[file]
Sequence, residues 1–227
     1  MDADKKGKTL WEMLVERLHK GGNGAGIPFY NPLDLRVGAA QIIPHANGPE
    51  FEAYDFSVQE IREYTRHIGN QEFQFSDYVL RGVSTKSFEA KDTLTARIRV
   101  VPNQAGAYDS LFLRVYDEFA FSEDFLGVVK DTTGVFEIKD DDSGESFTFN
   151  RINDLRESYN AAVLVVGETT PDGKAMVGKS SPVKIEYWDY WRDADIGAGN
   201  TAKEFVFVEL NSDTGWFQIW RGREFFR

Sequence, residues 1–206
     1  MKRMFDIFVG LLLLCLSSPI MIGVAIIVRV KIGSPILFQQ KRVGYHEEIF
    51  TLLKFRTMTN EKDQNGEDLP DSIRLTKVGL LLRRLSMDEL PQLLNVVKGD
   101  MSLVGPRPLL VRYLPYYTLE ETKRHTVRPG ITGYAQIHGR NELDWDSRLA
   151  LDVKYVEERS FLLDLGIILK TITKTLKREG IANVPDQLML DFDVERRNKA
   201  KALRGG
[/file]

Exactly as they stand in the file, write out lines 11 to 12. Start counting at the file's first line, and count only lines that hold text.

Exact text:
   151  LDVKYVEERS FLLDLGIILK TITKTLKREG IANVPDQLML DFDVERRNKA
   201  KALRGG